Fertility issues are common amongst women with rheumatoid arthritis (RA). Interleukin 6 (IL-6) and tumor necrosis factor alpha (TNFα), known key players in RA pathogenesis, have been associated with reproductive disorders. This study investigates the role of these cytokines in decreased fertility in women with active RA. Preconception cytokine measurements of 61 patients from the PARA-cohort, a prospective study on RA and pregnancy, were studied in relation to time to pregnancy as a measure for fertility. IL-6 levels were higher in patients with a time to pregnancy longer than 1 year (p = 0.016). Survival analysis of patients stratified by high or low serum IL-6 levels, shows a prolonged time to pregnancy in the high IL-6 group (p = 0.045). Univariate cox regression analysis of IL-6 in relation to time to pregnancy as well as multivariate cox regression analysis correcting for age, disease activity, nulliparity, NSAID use and prednisone use were performed, with hazards ratios for log transformed IL-6 of 0.68 (95% CI: 0.51–0.93, p = 0.015) and 0.66 (95% CI: 0.43–0.99, p = 0.044), respectively. For TNFα, no association with time to pregnancy was found. This study shows that high IL-6, but not TNFα, is associated with decreased fertility in women with RA. This finding provides a rationale to therapeutically target the IL-6 pathway in the time period before pregnancy. More research in the form of large cohort studies on drug safety and the effect of bDMARDS on fertility is needed for implementation of treatment strategies directed at fertility issues in women with RA.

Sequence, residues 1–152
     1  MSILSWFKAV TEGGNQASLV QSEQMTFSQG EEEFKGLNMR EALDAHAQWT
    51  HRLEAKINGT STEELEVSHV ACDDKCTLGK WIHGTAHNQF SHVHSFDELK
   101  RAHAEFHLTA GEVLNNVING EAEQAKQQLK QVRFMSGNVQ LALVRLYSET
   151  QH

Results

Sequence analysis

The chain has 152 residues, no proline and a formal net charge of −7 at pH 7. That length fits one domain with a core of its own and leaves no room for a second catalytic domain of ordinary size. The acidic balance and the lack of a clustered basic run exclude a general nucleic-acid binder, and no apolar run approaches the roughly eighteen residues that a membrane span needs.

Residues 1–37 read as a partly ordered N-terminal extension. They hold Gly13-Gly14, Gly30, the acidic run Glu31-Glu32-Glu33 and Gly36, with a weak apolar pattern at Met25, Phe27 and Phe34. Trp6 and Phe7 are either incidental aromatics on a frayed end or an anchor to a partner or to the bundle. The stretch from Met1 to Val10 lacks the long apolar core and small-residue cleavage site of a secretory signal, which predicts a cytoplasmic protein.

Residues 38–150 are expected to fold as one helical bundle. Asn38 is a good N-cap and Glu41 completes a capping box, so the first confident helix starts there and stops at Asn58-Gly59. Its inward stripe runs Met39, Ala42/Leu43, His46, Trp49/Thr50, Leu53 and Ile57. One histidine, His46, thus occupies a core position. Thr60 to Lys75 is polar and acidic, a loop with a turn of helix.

BDMARDs (biologic agents), fertility, interleukin 6, pregnancy, rheumatoid arthritis
dx.doi.org/10.3389/fphar.2020.604866, hdl.handle.net/1765/132895
Frontiers in Pharmacology
Department of Pediatrics

Bongenaar, M. (Margot), Smeele, H.T.W. (Hieronymus T. W.), Lubberts, E.W, & Dolhain, R.J.E.M. (2020). IL-6 but Not TNFα Levels Are Associated With Time to Pregnancy in Female Rheumatoid Arthritis Patients With a Wish to Conceive. Frontiers in Pharmacology, 11. doi:10.3389/fphar.2020.604866